We encouraged our pre-service teachers to develop the self-confidence and initiative to take ownership of technology in a way similar to a maker or hacker, since we believe that teachers who have experienced the design, creation and revision of new software might be able to take those experiences and use them to shape how they orient toward new technology in the classroom. We want future teachers to become not only consumers of technology, but flexible creators and adapters of new technologies for their own classrooms.

This workshop, which met for fifteen hours over five sessions in March, taught students to develop mobile applications for education, encouraged them to look at their devices as authoring tools, and improved their self-confidence with respect to their ability to use and create new technology. More information can be found at https://sites.google.com/site/appyteachers/home .

Math of Khan

The goal of the Math of Khan project is to develop and evaluate instructional activities which (1) make use of Khan Academy (KA) mathematics videos, and (2) are intended for pre-service teachers (PSTs) of mathematics. The project had distinct yet complementary implementations at five CSU sites. The activities included PST analysis of Khan videos for mathematical content & curricular alignment, PST production of mathematics instructional videos, and surveys of PST impressions of Khan videos as classroom tools.

Analysis of site-specific data and cross-site synthesis are on-going. However, an initial look across the five implementations indicates that Khan Academy mathematics videos may be useful tools for teacher training. Specifically, they are potential laboratories for fruitful PST analysis of the presentation of mathematical content. Furthermore, data indicate that KA resources may best be viewed within a curricular framework (i.e, as curricular materials). This view of KA videos highlights important questions about implementation (the enacted curriculum) and teacher training (preparation for enacting the curriculum).


Teams Enacting Classroom Innovation


Funded by a grant from the Google Faculty Institute, the Teams Enacting Classroom Innovation (TECI) Project supports teams of pre-service teachers, cooperating teachers in grade 6-12 classrooms, and university faculty / supervisors in the development and implementation curriculum units that integrate technology-rich, high-leverage practices in mathematics and science teaching and learning. The project directors for the TECI project are John Keller (California Polytechnic State University, San Luis Obispo), Tara Barnhart (California State University, Fullerton), Mark Ellis (California State University, Fullerton) Kelly Estrada (Sonoma State University) and Polly Diffenbaugh, (Stanford University).
CSU Fullerton TECI Site (includes files from May 2012 TECI Symposium @ CSUF)
Cal Poly San Luis Obispo TECI Site (includes video file from May 2012 TECI Symposium @ Cal Poly)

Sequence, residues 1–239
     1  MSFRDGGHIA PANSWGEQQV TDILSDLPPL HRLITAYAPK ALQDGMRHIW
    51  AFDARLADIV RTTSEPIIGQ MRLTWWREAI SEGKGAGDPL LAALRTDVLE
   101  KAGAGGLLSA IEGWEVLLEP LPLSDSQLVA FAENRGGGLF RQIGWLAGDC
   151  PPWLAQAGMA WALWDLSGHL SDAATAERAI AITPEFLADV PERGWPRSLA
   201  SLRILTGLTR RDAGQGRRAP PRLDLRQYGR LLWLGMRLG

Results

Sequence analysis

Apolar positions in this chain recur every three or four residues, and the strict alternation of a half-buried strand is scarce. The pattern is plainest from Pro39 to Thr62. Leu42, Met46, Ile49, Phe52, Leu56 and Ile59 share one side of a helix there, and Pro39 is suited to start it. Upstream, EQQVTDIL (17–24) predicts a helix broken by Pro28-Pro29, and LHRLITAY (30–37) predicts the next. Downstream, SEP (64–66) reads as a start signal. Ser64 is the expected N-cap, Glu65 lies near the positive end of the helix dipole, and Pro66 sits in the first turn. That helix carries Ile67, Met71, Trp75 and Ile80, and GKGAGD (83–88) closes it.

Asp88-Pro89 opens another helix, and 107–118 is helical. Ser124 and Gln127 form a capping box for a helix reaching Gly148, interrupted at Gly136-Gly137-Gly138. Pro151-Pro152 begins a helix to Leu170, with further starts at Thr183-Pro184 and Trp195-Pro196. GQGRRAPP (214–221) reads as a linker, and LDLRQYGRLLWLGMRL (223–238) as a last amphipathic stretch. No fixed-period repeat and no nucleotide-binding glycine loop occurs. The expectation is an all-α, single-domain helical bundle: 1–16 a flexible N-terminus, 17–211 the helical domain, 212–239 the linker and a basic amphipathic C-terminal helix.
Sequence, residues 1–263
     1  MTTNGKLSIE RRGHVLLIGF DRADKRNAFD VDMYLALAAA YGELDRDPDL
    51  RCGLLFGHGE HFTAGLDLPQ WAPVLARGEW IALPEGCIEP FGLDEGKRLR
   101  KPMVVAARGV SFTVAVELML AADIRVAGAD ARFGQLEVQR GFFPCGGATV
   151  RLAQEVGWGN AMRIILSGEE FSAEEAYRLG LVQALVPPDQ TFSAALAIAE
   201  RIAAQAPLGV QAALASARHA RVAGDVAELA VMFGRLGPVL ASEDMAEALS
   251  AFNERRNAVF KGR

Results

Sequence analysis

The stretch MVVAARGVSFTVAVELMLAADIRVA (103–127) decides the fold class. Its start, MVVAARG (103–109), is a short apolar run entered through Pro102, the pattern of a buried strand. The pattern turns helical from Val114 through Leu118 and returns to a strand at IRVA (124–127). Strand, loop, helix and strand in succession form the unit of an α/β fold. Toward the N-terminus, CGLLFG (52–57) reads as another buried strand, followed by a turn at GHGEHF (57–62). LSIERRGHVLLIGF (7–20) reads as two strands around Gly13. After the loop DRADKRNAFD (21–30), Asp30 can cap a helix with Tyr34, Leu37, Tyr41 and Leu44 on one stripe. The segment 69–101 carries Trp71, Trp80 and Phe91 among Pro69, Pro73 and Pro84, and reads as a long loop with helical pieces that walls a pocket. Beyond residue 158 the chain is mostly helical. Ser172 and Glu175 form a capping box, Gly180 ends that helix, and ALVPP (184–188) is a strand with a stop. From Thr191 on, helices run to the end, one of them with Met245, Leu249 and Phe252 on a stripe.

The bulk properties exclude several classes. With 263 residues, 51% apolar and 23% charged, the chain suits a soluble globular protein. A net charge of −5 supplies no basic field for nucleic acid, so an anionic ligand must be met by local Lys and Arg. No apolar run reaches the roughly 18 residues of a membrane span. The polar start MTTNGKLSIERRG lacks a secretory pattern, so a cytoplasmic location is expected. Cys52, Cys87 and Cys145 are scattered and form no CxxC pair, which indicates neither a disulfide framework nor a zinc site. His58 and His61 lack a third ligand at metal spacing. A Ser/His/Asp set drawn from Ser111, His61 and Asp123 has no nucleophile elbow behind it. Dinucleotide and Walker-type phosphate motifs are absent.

Katherine Bates CSUDH
Matthew d’Alessio CSUN
Gini Oberholzer Vandergon CSUN
Sean Walker CSU Fullerton

In the Spring of 2012 we did a rotating roadshow, giving a total of 9 hands-on workshops on three CSU campuses. Our goal is to introduce ways of engaging university students in STEM content by using technology. Our main outcome is to have University faculty try one new technology technique to enhance their teaching. Some of the technology we introduced at these professional development workshops included using many of the Google suite of tools for formative assessments and for student collaboration, introducing ways to use video tools for student sharing of lectures and content, and ways to incorporate calendaring, websites and technology resources into faculty pages. 

We had a total of  24 faculty participants from science and engineering departments as well as faculty from education that are directly involved in teacher training. More than 90% of them tried at least one new technique in their classroom and documented their experience for the project. Some of these are documented on our website: https://sites.google.com/site/transstemedu/. (Video clips of the workshops are also available there). 

Faculty reported that it took a surprisingly small amount of time to develop the new course materials (> 75% spent 30 minutes or less). The majority of faculty chose to implement activities that enhanced student-to-student communication in their classroom, though projects that improved their ability to deliver content or communicate to from faculty to students were also adopted. We experimented with different models of compensation ranging from a flat stipend ($400) to participation in a raffle for a free iPad. All workshops included free lunch. Most faculty reported that they were satisfied with the level of compensation (regardless of the model) or would have attended if the compensation were less. 

The workshops have spawned independent "brown bag" series about teaching on all three campuses.


Jeanne Grier, Jill Leafstedt, California State University Channel Islands; 
Cathy Reznicek, Ventura County office of Education

The UDTech project aims to develop teaching modules to prepare teachers in using universal design concepts paired with technology in their instructional planning.  Our goal is have teachers design lessons that are accessible to all students through the use of technology and the concepts of Universal Design for Learning. This learning module is designed for  preservice teachers as they learn about planning for instruction.

The first round of implementation with UDTech was conducted during spring 2012. Two classes of pre-service teachers used the learning module within their teacher preparation courses. The response from students and faculty was overwhelmingly positive. Students successfully integrated Universal Design principles and Technology into their lesson planning. They also demonstrated a strong understanding of UDL within class discussions.

In the coming year UDTech will be revised based on feedback, such as reducing text, recording screen casts of presentations and creating instructor guidelines. It will be implemented and evaluated with a rubric designed to assess the effective use of UDL and Technology in lesson plans.

UDTech Learning Module